Tuesday, December 12, 2006

Top 5 scandals in medicine and chemistry

1) Henk Buck/Jaap Goudsmit

Using the antisense method with phosphate-methylated DNA, Buck and Goudsmit claimed to have found a cure for AIDS and published their findings in a Science article. They held a press conference for the media to present their findings. The massive media attention made the scandal only worse. Colleagues discovered errors in their research, and it turned out that the phosphate-methylated DNA was not a stable compound, and the used samples could not have been pure.

It is said that Buck was a stubborn man who did not tolerate any resistance. His university did not immediately investigate the allegations of Buck’s colleagues, so the colleagues decided to go to the media with the supposed fraud in order to diminish the public optimism in the fight against AIDS. After this media attention the whole case was investigated. Buck was fired and Goudsmit rebuked.

2) Elias A. K. Alsabti

An Iraqi cancer specialist who published about 60 plagiarized papers in obscure journals with probably non-existing colleagues in order to boost his CV. While working in the USA it became clear that he had no real scientific knowledge. Eventually it seemed to be that his whole career was falsified.

3) Vijay Soman/Philip Felig

As peer reviewers for ‘The New England Journal of Medicine’ they rejected an article by Helena Wachslicht-Rodbard. They copied the paper with their own names on it and submitted it for publication in ‘The American Journal of Medicine’. Unfortunately for them, Helena Wachslicht-Rodbard was asked to peer review her own (stolen) article.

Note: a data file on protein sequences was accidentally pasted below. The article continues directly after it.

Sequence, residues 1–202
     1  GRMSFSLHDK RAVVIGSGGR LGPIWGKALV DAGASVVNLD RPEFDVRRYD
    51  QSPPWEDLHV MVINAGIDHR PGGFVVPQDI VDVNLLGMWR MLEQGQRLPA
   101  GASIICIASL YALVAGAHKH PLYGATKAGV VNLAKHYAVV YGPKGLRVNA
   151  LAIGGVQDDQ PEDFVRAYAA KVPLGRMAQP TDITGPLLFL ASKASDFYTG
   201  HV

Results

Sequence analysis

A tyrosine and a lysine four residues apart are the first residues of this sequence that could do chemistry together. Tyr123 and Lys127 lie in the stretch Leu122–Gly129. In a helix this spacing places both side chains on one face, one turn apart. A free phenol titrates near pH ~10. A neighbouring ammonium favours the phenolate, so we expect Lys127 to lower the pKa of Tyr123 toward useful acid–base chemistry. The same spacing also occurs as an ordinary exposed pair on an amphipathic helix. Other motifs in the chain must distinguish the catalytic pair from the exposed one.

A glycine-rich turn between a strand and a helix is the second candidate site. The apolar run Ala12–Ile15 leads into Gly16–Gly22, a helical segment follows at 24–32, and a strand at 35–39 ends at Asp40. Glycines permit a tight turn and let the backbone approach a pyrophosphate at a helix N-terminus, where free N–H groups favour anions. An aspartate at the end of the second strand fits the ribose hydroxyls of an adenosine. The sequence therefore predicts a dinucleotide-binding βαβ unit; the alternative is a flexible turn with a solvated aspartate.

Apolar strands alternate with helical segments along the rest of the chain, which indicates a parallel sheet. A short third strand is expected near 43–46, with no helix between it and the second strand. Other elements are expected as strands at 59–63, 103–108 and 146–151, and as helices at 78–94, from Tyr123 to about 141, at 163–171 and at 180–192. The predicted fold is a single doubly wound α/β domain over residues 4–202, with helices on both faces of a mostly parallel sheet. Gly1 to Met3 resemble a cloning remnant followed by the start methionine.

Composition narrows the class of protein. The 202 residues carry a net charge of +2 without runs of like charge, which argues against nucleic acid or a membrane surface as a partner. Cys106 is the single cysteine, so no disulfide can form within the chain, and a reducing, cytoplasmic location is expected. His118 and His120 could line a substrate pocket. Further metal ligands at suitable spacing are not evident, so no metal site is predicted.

4) Jacques Benveniste

Benveniste published a paper in Nature that a homeopathically diluted solution of antibodies could activate white blood cells by the so-called ‘memory of water’. Benveniste failed in reproducing the results when John Maddox and James Randi investigated the work in Benveniste's lab.

Benveniste also claimed that the information that is stored by the ‘memory water’ could be transmitted over the internet or telephone lines. Benveniste was awarded the IgNobel prize twice.

5) Guido Zadel

He published a paper 'Enantioselective Reactions in a Static Magnetic Field‘ in Angewandte Chemie in 1994. It turned out that his results were falsified. Even results of his colleagues were falsified by replacement of samples. The results were part of his dissertation, and his PhD was eventually withdrawn.

1 comment:

Luke said...

Is IgNobel short for Ignoramus Nobel?